As the use of Internet grew, various technologies sprouted to develop web applications. APIs, or Application Program Interfaces were developed to enable two technologies to communicate with each other. An API is a set of programming code that enables data transmission between one software product and another. It also contains the terms of this data exchange. Each time you use an app like Facebook, send an instant message, or check the weather on your phone, you’re using an API. The API specifies how you can authenticate (optional), request and receive data from the API server. The four basic ways APIs ‘call’ for information from an application include GET, PUT, POST and DELETE. There are different types of APIs like open / public APIs, internal / private APIs and partner APIs. Each plays a different role. However, APIs need to adhere to specifications in order to standardize data exchange between web services.
Web services are purpose-built web servers that support the needs of a site or any other web application. Client programs use APIs to communicate with web services. A web API is hence the face of a web service, directly listening and responding to client requests
Simple Object Access Protocol (SOAP)
Representational State Transfer (REST)
REST API is the new kid on the block. The term REST was introduced by computer scientist Roy Fielding in a dissertation in 2000. REST API is defined as a Software Architectural Style built to guide the development and design of the World Wide Web’s architecture. REST APIs define a set of constraints on how the architecture of a distributed system should behave. The key idea here is that REST is a style, not a protocol or standard that should be adhered to. In other words, there are no set of hard rules to follow, in order to have a RESTful architecture. REST is considered a simpler alternative to SOAP, which many developers find difficult to use as it requires adhering to strict protocols for the sake of standardization. It also requires following the XML structure for every message sent. REST makes data available as resources. Each resource is represented by a unique URL, and one can request this resource by providing its URL.
RESTful systems support messaging in different formats, such as plain text, HTML, YAML, XML, and JSON, while SOAP only allows XML. The ability to support multiple formats for storing and exchanging data is one of the reasons REST is a prevailing choice for building public APIs these days.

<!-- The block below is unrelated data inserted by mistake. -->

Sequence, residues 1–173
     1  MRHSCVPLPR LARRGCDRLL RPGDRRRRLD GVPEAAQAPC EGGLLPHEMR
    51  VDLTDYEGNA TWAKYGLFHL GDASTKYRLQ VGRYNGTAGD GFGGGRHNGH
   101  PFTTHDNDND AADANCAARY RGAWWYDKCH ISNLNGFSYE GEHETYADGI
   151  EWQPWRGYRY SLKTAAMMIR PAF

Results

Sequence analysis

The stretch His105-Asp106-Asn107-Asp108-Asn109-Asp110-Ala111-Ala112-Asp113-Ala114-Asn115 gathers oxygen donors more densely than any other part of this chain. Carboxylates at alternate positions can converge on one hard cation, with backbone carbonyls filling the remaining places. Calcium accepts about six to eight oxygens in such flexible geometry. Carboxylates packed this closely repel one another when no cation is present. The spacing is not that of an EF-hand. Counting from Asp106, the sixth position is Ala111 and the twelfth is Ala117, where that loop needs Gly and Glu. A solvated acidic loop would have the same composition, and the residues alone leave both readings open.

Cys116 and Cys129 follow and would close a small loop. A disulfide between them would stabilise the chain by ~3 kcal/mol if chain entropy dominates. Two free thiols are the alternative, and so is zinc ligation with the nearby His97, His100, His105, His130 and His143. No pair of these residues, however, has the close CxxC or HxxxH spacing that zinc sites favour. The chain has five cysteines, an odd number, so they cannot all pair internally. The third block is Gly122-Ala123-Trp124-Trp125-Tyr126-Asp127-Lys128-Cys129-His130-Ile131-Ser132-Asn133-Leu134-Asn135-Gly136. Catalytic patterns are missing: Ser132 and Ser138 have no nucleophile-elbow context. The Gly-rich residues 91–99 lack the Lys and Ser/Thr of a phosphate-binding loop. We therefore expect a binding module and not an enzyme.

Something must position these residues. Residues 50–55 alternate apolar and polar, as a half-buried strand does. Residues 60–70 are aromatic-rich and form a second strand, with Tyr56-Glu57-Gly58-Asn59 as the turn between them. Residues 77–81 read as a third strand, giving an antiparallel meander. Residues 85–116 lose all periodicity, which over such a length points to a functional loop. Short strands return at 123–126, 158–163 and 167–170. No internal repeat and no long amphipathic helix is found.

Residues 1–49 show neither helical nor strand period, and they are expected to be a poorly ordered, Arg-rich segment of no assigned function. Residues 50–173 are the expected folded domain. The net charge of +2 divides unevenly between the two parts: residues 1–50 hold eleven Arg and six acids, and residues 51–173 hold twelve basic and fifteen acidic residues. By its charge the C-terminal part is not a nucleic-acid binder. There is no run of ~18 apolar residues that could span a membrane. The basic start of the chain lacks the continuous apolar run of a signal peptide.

- Simplicity: REST is simple to learn, understand and implement. REST API is cleaner and very easy to decipher. A simple interface allows for simpler interactions between systems, and REST APIs can be developed and deployed with minimal efforts
- Scalability: REST separates the client and server. A distributed system handles component interaction well, and the simple interaction afforded by REST allows for this
- Flexibility: The REST API adapts at all times to the working syntax and platform by serializing data in JSON or XML format. This allows the development team to use multiple environments while developing
- Portability: REST is a style of architecture. It is hence language agnostic, meaning that it can be implemented and consumed by any type of technology
- Visibility and Reliability: Development teams can migrate to other servers or make all kinds of changes in the database at any time, as long as the data from each request is sent correctly. The stateless constraint proposed by REST allows for the easier recovery of a system in case of failure
- Load Handling: REST APIs allow high handling of loads with the help of HTTP proxy server and cache
- Independence: The separation between client and server empowers development teams to scale the API and the web application without too much problem. The REST API always adapts to the type of syntax or platforms being used, which gives considerable freedom when changing or testing new environments within the development
REST is best used where the bandwidth and resources are limited but the developers are experienced enough to implement the API properly. REST is also beneficial if there is a need for bigger cache. Currently, REST is the most popular approach to building web APIs, representing over 70% of public APIs. Its great flexibility provides more freedom to create an API as long as your architecture follows six constraints that make it truly RESTful:
- Uniform interface: there must be a unified way to interact with your server. In other words, requests from different clients (for example, a mobile app and a website) will look similar. One resource in your system must have a single name, called Uniform Resource Identifier, that will be referenced in API requests (https://my-api/users).
- Statelessness: as servers store no information about previous interactions, each API request should provide the necessary context.
- Separation of concerns: the app’s backend should be developed independently from its user interface.
- Caching of responses: servers should inform clients whether the response can be stored in cache.
- Multiple communication layers between the server and the client.
- Code on request: if requested, API responses might include executable code.
Challenges in using REST
With greater freedom comes greater responsibility. REST is stateless, but most web applications require stateful mechanisms. Developers need to handle this properly. REST doesn’t impose strict security like SOAP. That is why REST is appropriate for public URLs, but is not recommended for transferring data between a client and server or for web applications where security is a paramount consideration.